Fountec is a product that will remove this type of algae and it is safe
for plants and all animals except fish.
If you only occasionally have problems with algae or other suspended
particles which interfere with water clarity in your garden ponds or water
gardens then you might consider a flocculant such as Accu-Clear.
This type product works by causing particles in suspension to clump together
and then fall to the bottom of the pond where it must then be removed
by siphoning or vacuuming from the bottom, or a mechanical filter can
be used to remove this debris.
Another useful product to aid in improving water quality in garden ponds
and water gardens is a packaged bacteria and enzymes combination that
will break down sludge and other organic compounds. Microbe
Lift Sludge Away will help reduce organic buildup and sludge..
For your fish to be healthy and also to help with the control of algae,
the pH of the garden pond water needs to be monitored using a pH
test kit. The pH should be between 6.8 and 8.0 with the ideal being
7.0 to 7.8. Unless the pH is below 6.6 or above 8.4 then it is usually
best not to try and adjust it.
If you need to adjust the pH of your pond water we have pH
Up Liquid to raise the pH and pH
to lower the pH.
How to Balance Your
Garden Ponds & Water Gardens
One major concern for water garden and garden pond enthusiasts is achieving
and maintaining clear water. When water gardens and garden ponds are first
constructed there is usually a rush to fill them up with fish and aquatic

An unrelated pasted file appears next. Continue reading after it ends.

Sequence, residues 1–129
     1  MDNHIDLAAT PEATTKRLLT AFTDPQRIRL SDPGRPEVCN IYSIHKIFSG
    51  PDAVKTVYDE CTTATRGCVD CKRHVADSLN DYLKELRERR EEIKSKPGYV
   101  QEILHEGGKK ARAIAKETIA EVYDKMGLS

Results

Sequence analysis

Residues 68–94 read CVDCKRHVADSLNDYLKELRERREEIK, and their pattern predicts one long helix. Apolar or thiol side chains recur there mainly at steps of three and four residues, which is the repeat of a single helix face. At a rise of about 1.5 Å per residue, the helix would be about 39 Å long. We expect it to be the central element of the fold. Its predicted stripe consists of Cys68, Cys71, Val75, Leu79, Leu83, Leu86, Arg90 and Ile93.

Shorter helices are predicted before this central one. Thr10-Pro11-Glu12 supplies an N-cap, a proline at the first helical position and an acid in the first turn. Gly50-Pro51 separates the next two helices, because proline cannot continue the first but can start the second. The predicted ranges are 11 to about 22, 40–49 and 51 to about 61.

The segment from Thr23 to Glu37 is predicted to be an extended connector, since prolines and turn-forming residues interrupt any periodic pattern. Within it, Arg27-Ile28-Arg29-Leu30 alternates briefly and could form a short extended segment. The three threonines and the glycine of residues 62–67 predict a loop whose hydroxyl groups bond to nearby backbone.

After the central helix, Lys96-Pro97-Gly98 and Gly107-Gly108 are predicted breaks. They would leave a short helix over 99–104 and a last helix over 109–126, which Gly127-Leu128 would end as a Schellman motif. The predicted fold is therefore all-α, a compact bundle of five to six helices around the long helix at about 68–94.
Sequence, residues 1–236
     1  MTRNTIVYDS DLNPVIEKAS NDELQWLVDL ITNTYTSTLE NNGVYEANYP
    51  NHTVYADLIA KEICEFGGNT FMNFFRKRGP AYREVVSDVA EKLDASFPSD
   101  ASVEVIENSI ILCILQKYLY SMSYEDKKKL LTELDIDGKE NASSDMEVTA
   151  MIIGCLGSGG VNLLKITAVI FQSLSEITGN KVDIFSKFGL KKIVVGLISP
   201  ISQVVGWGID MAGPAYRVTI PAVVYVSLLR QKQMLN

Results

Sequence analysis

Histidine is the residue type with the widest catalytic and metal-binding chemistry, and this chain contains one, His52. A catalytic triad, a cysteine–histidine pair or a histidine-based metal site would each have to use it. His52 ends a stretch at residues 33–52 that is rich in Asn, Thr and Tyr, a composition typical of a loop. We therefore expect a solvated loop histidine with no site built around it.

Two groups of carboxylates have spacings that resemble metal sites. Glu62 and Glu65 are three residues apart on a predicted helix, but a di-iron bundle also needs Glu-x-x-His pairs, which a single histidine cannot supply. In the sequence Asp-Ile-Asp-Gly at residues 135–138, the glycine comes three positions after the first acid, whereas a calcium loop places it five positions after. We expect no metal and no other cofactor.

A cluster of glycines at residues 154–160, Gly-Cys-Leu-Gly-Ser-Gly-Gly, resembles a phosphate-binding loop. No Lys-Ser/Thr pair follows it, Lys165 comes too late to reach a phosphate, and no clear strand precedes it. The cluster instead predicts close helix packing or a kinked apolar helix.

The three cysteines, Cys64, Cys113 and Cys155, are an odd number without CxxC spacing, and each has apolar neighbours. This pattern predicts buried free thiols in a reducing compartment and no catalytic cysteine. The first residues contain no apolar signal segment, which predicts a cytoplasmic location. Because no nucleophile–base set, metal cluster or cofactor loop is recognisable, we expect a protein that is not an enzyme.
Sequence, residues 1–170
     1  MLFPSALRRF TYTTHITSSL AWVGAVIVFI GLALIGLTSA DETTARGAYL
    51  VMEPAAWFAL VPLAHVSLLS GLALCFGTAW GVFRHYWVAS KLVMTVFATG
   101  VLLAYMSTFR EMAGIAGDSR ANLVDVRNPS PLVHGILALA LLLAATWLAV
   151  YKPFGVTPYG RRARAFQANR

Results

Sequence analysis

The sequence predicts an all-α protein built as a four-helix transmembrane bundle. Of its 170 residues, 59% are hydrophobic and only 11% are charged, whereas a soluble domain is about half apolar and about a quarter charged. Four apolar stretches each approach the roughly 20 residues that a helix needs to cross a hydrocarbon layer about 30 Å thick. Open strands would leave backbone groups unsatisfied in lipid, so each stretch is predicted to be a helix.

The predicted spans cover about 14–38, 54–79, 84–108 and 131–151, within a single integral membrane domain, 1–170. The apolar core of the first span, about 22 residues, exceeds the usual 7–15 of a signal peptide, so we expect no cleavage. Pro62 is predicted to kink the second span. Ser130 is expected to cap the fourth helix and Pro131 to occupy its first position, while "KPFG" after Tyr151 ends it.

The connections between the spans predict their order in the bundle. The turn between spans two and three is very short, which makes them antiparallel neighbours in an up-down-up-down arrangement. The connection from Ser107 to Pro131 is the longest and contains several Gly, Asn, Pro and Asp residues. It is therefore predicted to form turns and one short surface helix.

plants, but it is important to consider the natural process of these ecosystems.
In nature a pond has a period of time for all the components to adjust
and interact as the pond evolves. Although suspended algae in water gardens
and garden ponds is to be expected most people want to keep it to a minimum.
Constructed water gardens and garden ponds require help in order to avoid
problems with excess algae. One method to control algae is to stock and
arrange the pond with this method:
- Keep rain run-off out of the pond. It carries with it soil, fertilizers,
and chemicals which will prevent the pond from balancing.
- If in full sun, shade 50 - 70% of the pond surface. Do this with
the leaves of water lilies and floating plants. If your pond is in less
than full sun, less surface coverage is acceptable.
- Use one bunch of Anacharis
per one sq. ft. of surface area for ponds under 50 sq. ft. and one bunch
per two to three sq. ft. for ponds over 51 to 200 sq. ft. For ponds
over 200 sq. ft. use one bunch for every three to four sq. ft.
- Use no more than one inch of fish per sq. ft. of surface area initially.
After the pond has fully established or with well filtered water, more
fish may be added. Feed only what the fish can eat in 5 minutes. Uneaten
food feeds algae.
- Add biological
filtration and an ultraviolet
- Remove any dead organic matter from the pond.